Oklahoma Farm Report masthead graphic with wheat on the left and cattle on the right.
Howdy Neighbors!
Ron Hays, Director of Farm and Ranch Programming, Radio Oklahoma Ag Network  |  2401 Exchange Ave, Suite F, Oklahoma City, Ok 73108  |  (405) 601-9211

advertisements
   
   
   
   
   
   
   
   
   
   

Agricultural News


How Disposition Affects Pregnancy Rate - Another Good Excuse to Cull Cows with Bad Temperments

Tue, 15 May 2018 12:43:06 CDT

How Disposition Affects Pregnancy Rate - Another Good Excuse to Cull Cows with Bad Temperments Dr. Glenn Selk, Oklahoma State University Emeritus Extension Animal Scientist, offers herd health advice as part of the weekly series known as the "Cow Calf Corner" published electronically by Dr. Peel and Dr. Glenn Selk. Today, Dr. Selk explains how a cow's disposition can affect its pregnancy rate.


"Now we have another good excuse to cull cows due to bad temperament. Producers that routinely breed cows artificially realize that cows that are unruly and nervous are less likely to conceive to artificial insemination. Presumably the lowered conception rates were because they have been stressed as they are passed through the working facilities and restrained while being synchronized and inseminated. Elevated core body temperature could be one reason that conception rates of agitated cows after artificial insemination are lowered. Now it seems that, even in the serenity of a natural breeding pasture, cows with bad dispositions are less likely to conceive when mated with bulls.



"University of Florida animal scientists recorded disposition scores over two years on 160 Braford and 235 Brahman x British crossbred cows. They wanted to evaluate the effects of cow temperament and energy status on the probability to become pregnant during a 90-day natural breeding season. Cows were scored as 1= calm, no movement to 5= violent and continuous struggling while in the working chute. Also a pen score assessment was assigned as 1= unalarmed and unexcited to 5 = very excited and aggressive toward technician. An exit velocity speed score was measured as the cows exited the working chute as 1= slowest and 5 = fastest. An overall temperament index score was calculated by averaging the chute score, pen score and exit velocity score. Blood samples were analyzed for cortisol concentrations. Cortisol is a hormone released when mammals are stressed or excited. Increased cow temperament score and elevated plasma cortisol concentrations both were associated with decreased probability of pregnancy.



"These results suggest that excitable temperament and the consequent elevated cortisol concentrations are detrimental to reproductive function of cows. These authors concluded that management strategies that improve cow disposition, enhance their immune status, and maintain the cow herd at adequate levels of nutrition are required for optimal reproductive performance. Source: Cooke and co-workers. 2009 Florida Beef Research Report. In addition to the danger that wild, crazy cows create for cattle producers, the wear and tear on equipment and fences, reduced likelihood of reproductive success is another good reason to cull poor disposition from the herd."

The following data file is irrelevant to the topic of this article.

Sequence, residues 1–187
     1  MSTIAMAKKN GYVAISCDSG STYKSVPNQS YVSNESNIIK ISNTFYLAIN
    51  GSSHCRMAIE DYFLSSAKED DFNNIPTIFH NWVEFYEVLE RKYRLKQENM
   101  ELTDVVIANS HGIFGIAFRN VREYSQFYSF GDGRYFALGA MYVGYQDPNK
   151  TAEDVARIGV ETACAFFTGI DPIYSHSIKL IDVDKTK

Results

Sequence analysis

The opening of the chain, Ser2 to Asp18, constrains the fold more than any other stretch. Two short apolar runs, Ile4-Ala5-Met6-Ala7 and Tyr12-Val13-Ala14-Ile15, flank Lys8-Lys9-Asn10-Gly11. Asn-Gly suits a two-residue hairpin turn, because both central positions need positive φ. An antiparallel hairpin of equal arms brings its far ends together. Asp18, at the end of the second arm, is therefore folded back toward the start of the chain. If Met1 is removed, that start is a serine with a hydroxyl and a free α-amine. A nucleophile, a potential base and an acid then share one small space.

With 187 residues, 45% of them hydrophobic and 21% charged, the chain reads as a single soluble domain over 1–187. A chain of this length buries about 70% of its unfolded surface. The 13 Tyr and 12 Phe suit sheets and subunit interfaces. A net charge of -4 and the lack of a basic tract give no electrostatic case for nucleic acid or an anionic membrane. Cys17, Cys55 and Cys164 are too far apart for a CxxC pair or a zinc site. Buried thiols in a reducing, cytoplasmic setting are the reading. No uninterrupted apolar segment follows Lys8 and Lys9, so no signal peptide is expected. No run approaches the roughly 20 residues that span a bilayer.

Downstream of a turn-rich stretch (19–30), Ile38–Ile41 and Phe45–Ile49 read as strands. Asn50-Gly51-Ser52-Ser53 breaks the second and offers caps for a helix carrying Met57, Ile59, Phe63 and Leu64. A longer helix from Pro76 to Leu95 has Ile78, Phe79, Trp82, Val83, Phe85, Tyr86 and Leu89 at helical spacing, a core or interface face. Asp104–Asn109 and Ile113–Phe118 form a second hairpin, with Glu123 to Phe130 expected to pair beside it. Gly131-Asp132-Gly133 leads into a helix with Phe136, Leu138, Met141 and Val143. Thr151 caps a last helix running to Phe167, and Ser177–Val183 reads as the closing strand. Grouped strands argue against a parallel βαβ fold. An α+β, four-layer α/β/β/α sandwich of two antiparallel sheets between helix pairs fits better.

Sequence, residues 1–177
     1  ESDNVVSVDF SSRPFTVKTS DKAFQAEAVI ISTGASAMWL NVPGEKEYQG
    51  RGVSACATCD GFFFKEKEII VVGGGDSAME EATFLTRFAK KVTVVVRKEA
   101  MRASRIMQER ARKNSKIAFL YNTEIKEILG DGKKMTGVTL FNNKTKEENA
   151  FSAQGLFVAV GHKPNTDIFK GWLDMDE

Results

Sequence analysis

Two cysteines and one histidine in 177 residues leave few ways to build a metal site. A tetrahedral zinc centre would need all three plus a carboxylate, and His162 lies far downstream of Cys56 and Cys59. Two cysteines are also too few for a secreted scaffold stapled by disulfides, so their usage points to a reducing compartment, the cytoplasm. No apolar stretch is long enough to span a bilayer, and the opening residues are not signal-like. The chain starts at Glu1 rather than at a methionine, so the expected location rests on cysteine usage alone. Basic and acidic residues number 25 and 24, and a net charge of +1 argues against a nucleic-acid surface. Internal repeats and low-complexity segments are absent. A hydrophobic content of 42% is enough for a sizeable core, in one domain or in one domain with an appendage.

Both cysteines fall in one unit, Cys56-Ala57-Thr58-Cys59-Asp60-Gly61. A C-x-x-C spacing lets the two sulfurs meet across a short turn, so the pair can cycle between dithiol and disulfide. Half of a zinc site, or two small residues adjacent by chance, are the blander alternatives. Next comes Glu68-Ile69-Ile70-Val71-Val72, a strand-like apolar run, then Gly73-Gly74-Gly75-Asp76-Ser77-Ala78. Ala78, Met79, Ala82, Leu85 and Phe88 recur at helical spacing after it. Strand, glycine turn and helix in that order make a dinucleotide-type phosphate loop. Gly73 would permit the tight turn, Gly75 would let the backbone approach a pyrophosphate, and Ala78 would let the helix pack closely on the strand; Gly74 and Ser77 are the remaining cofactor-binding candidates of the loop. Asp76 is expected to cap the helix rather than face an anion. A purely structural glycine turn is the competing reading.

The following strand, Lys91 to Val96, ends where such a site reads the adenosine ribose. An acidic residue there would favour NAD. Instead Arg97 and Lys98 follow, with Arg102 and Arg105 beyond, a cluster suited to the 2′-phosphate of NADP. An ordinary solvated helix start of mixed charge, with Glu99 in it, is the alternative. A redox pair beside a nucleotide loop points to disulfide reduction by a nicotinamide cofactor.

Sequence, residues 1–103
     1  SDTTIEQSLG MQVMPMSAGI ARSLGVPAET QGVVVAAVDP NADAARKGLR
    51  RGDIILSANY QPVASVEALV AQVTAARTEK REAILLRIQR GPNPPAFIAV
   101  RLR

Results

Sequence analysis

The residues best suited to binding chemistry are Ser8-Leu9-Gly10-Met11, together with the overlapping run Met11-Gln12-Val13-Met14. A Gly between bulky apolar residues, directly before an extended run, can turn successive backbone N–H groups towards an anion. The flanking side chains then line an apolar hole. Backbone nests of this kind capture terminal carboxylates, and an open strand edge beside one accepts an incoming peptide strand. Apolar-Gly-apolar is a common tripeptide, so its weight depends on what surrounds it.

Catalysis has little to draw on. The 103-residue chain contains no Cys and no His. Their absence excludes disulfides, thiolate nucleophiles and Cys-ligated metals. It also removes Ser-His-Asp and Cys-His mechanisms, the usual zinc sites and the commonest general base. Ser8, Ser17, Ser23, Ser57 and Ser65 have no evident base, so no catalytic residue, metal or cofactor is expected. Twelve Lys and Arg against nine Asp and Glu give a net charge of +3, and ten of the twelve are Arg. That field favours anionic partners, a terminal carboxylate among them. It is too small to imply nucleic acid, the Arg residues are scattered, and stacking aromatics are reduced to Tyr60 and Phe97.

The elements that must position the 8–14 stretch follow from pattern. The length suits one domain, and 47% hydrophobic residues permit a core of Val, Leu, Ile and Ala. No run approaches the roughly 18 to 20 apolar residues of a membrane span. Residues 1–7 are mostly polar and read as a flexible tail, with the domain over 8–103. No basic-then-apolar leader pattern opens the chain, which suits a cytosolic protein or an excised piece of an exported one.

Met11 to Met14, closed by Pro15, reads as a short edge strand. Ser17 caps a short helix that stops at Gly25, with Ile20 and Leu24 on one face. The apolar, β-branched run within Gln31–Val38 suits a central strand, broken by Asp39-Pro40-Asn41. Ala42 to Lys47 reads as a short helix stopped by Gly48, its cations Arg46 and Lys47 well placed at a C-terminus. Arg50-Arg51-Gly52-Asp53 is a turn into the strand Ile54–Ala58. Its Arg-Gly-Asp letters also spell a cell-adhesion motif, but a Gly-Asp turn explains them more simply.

WebReadyTM Powered by WireReady® NSI

 


Top Agricultural News

  • Oklahoma State's DASNR and CASNR Honor Three Alums and Three Champions on Campus This Past Friday  Sun, 21 Oct 2018 16:24:38 CDT
  • Oklahoma Grain Elevator Cash Bids as of 2:00 p.m. Friday, October 19, 2018  Fri, 19 Oct 2018 14:25:41 CDT
  • Friday Market Wrap-Up with Justin Lewis  Fri, 19 Oct 2018 14:11:50 CDT
  • Friday Afternoon Market Wrap-Up with Carson Horn  Fri, 19 Oct 2018 13:50:58 CDT
  • OK Cattlemen's Foundation Sends Funds to Help Cattle Producers Affected by Hurricane Michael  Fri, 19 Oct 2018 13:08:45 CDT
  • U.S. Cotton Now Free - After More Than 100 Years - of the Economically Devastating Pink Bollworm  Fri, 19 Oct 2018 12:58:40 CDT
  • Agricultural Alliance 25x'25 Urges Industry Groups to Sign On In Support of Domestic Bioenergy  Fri, 19 Oct 2018 12:47:00 CDT
  • OSU Hosts Free Herbicide Symptomology Clinic for Producers Dealing with Increased Weed Pressure  Fri, 19 Oct 2018 12:39:10 CDT

  • More Headlines...

       

    Ron salutes our daily email sponsors!

    Livestock Exchange Oklahoma Ag Credit Oklahoma Farm Bureau National Livestock Credit P&K Equipment Tulsa Farm Show Stillwater Milling KIS FUTURES, INC. Oklahoma Cattlemen's Association

    Search OklahomaFarmReport.com

    Find more about Weather in Oklahoma City, OK

       
       
    © 2008-2018 Oklahoma Farm Report
    Email Ron   |   Newsletter Signup   |    Current Spots   |    Program Links

    WebReady powered by WireReady® Inc.